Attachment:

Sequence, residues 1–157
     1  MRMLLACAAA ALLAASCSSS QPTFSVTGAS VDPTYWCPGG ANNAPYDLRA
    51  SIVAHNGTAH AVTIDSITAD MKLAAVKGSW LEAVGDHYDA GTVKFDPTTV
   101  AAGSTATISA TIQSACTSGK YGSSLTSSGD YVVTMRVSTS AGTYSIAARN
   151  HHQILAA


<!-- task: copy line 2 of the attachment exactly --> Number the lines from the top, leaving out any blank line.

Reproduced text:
     1  MRMLLACAAA ALLAASCSSS QPTFSVTGAS VDPTYWCPGG ANNAPYDLRA